Hot Topic: Advertising of Junk Food

Context for this post

As part of our Part A preparation, each week we write a briefing on a current ‘hot topic’ which has public health implications.  A useful document to guide choice of ‘hot topics’ has been the Faculty of Public Health  manifesto “12 Steps to Better Public Health”. Below is my briefing plus wider discussion on the advertising of junk food on TV.

FPH Manifesto Summary 

  • A recent Which? report criticised the 2006 Ofcom measures to ban junk food advertising between programmes where 20% of the audience were <16
  • The current measures are ineffectual and fail to cover programmes such as soaps which are still watched by large numbers of young people.
  • A complete ban before the 9pm watershed is needed to effectively reduce consumption of salt, saturated fats and sugars by children and adolescents, reducing the risk of cardiovascular disease later in life.

The problem

  • According to the Department of Health, £838million was spent on food and drink advertising in the UK in 2007.
  • Junk food marketing contradicts messages about healthy eating, undermining children’s ability to choose better food and parents’ efforts to feed them healthily.
  • To combat the rise of childhood obesity it is vitally important that children are persuaded to eat more healthily.
  • Food Standards Agency suggest junk food marketing directly influences children’s food preferences, and indirectly influences what family and friends consider to be a ‘normal’ diet. 

Current regulations

  • Prevent the advertising of “less healthy” products during children’s TV programming. 
    • 70 percent of the television that children watch is outside the hours of ‘children’s TV’ that these rules cover,
    • Research from Which? in 2007 reported that that 18 of the 20 most popular programs watched by children under 16 were not be covered.
  • Products must pass the FSA nutrient profile model prior to Ofcom giving permission to advertise.
    • Points are given for fat, salt and sugar.  If the score is too high, the product is not allowed to be advertised.

A solution being lobbied for is a 9pm watershed for junk food adverts, which has been suggested to have the following benefits:

  1. Protect children: This will eliminate over 80% of instances of kids watching junk food TV advertising.  The current rules only protect children from half this much advertising.
  2. Support parents: It will provide clarity on when junk food adverts will be shown, allowing parents to exercise responsibility over whether their kids see such adverts.  
  3. Improve children’s health: Estimates show that the health benefits from a 9pm watershed for junk food TV adverts will save the nation up to almost a billion pounds a year – at a cost to industry of  £130 million a year, and no cost to the government.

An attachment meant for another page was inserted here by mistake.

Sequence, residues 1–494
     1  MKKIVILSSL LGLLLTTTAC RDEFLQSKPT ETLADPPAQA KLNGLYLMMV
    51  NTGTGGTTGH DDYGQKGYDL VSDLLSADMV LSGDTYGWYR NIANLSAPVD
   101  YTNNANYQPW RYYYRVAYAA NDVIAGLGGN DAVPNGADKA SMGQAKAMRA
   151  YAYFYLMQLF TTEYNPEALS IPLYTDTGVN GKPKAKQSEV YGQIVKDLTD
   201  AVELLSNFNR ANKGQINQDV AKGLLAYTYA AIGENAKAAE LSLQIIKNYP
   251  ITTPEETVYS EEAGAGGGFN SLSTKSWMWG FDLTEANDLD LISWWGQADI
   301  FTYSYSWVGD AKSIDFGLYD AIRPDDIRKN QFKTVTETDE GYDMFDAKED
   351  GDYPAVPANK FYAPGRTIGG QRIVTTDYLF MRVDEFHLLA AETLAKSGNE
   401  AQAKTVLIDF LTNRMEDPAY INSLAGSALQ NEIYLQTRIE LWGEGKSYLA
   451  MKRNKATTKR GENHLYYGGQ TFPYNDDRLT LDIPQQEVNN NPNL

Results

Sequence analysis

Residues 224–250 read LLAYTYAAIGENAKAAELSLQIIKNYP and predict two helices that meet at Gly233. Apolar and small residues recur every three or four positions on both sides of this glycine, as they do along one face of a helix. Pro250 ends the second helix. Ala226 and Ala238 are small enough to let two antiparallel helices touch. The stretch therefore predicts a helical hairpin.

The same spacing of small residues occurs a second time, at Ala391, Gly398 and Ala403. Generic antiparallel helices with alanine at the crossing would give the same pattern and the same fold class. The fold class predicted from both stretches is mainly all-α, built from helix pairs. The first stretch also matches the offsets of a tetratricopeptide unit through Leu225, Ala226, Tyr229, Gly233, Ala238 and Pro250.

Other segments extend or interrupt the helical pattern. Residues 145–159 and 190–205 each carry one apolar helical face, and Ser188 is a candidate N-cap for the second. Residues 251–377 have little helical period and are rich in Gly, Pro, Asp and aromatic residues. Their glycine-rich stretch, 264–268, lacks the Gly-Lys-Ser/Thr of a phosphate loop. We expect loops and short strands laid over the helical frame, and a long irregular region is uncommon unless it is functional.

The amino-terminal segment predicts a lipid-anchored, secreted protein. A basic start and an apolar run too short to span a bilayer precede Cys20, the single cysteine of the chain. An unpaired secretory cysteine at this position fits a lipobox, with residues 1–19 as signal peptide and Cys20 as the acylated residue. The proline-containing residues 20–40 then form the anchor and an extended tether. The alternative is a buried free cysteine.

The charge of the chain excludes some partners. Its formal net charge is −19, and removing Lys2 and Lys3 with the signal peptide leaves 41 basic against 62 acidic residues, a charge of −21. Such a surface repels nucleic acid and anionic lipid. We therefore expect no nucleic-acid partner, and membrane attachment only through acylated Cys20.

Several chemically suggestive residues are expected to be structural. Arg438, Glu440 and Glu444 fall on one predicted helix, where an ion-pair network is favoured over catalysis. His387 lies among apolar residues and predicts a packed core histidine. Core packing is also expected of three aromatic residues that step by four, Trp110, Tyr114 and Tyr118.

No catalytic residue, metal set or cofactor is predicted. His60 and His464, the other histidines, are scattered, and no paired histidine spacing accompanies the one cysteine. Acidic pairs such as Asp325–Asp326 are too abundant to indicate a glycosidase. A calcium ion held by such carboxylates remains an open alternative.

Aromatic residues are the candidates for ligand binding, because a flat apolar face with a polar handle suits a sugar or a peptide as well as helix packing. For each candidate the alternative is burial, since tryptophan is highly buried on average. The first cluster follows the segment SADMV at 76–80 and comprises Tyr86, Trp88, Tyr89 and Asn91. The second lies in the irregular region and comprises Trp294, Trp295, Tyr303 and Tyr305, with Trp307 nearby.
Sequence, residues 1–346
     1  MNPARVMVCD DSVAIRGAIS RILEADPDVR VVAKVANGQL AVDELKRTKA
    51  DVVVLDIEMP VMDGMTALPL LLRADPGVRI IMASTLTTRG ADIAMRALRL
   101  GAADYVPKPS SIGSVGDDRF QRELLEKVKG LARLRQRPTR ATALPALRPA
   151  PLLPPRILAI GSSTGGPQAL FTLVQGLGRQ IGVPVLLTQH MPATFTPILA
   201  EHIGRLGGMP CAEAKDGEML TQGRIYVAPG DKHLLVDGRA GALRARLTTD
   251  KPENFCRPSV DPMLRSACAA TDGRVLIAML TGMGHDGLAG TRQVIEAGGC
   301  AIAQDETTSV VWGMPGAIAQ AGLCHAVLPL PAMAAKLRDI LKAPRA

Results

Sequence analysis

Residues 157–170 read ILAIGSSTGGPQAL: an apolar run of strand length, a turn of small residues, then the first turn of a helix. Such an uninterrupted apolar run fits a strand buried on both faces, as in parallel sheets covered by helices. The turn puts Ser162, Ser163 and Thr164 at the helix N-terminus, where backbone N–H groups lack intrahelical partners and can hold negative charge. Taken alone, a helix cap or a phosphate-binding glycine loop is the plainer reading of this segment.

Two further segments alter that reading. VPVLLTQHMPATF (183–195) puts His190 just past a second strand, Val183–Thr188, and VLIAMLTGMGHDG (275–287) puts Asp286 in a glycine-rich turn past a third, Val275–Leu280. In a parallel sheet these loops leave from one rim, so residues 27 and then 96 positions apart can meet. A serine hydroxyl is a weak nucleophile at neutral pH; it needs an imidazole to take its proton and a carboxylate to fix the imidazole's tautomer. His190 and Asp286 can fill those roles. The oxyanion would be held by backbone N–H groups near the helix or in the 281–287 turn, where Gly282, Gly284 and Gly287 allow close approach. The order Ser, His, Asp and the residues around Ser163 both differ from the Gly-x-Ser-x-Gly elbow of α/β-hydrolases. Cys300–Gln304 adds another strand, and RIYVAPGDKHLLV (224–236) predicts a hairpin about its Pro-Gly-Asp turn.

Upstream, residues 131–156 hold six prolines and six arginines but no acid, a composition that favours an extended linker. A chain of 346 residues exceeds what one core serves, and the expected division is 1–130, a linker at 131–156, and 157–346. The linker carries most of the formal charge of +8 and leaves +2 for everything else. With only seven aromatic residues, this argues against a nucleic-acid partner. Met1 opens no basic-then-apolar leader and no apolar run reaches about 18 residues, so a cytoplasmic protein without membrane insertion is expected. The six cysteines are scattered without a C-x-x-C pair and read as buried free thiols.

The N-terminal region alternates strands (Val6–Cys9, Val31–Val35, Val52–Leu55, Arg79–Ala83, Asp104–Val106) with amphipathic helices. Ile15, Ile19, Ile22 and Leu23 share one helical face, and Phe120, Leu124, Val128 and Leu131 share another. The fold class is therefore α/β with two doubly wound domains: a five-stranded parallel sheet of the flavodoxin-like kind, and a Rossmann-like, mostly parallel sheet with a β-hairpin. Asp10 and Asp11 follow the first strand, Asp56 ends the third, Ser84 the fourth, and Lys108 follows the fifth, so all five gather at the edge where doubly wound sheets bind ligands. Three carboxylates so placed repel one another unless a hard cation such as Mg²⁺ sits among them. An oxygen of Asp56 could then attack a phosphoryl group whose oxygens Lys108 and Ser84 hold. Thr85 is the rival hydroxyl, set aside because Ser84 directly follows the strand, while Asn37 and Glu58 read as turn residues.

A series of surveys have demonstrated that the majority of parents are in favour of a protecting their children from junk food advertising:

  • BHF survey found that 68% of parents were in favour of pre-9pm junk food advertising restrictions, with only 7% against.
  • Which? found in 2006 that 79% of parents believe unhealthy foods should not be advertised during the times children are most likely to be watching television.

There are currently no legal restrictions on non-broadcast junk food marketing aimed at children. 

  • This category includes marketing through sponsorship, packaging, text messaging and the internet. 
  • This is a growing form of advertising aimed at children and its omission from statutory regulation is a loophole often exploited by food companies.

Therefore… there appears to be a lot of support for a 9pm watershed to be put into place, however what true effect this will have will be difficult to measure because there are so many sources of influence upon the perceptions and desires of children.  Although I feel supportive of this campaign, it’s underlying premise suggests that exposure to adverts is the most important factor… what other influences could be important?  Have these been considered?  E.g. previous exposure to different foods (e.g. junk vs. healthy), parenting styles, friends/peers at school, ease of accessing healthy food…etc.  In essense, my point is that this campaign will only be worthwhile if it is complimented by other relevant actions which encourage behaviour change as realistically we do not know which influences are the greatest (and influences are likely to be different for different individuals).  This policy is a step in the right direction, however when one considers that the sponsors for the 2012 Olympics include Coca-Cola, Cadburys and McDonalds (and no companies representing healthy consumption) one cannot help but be skeptical.



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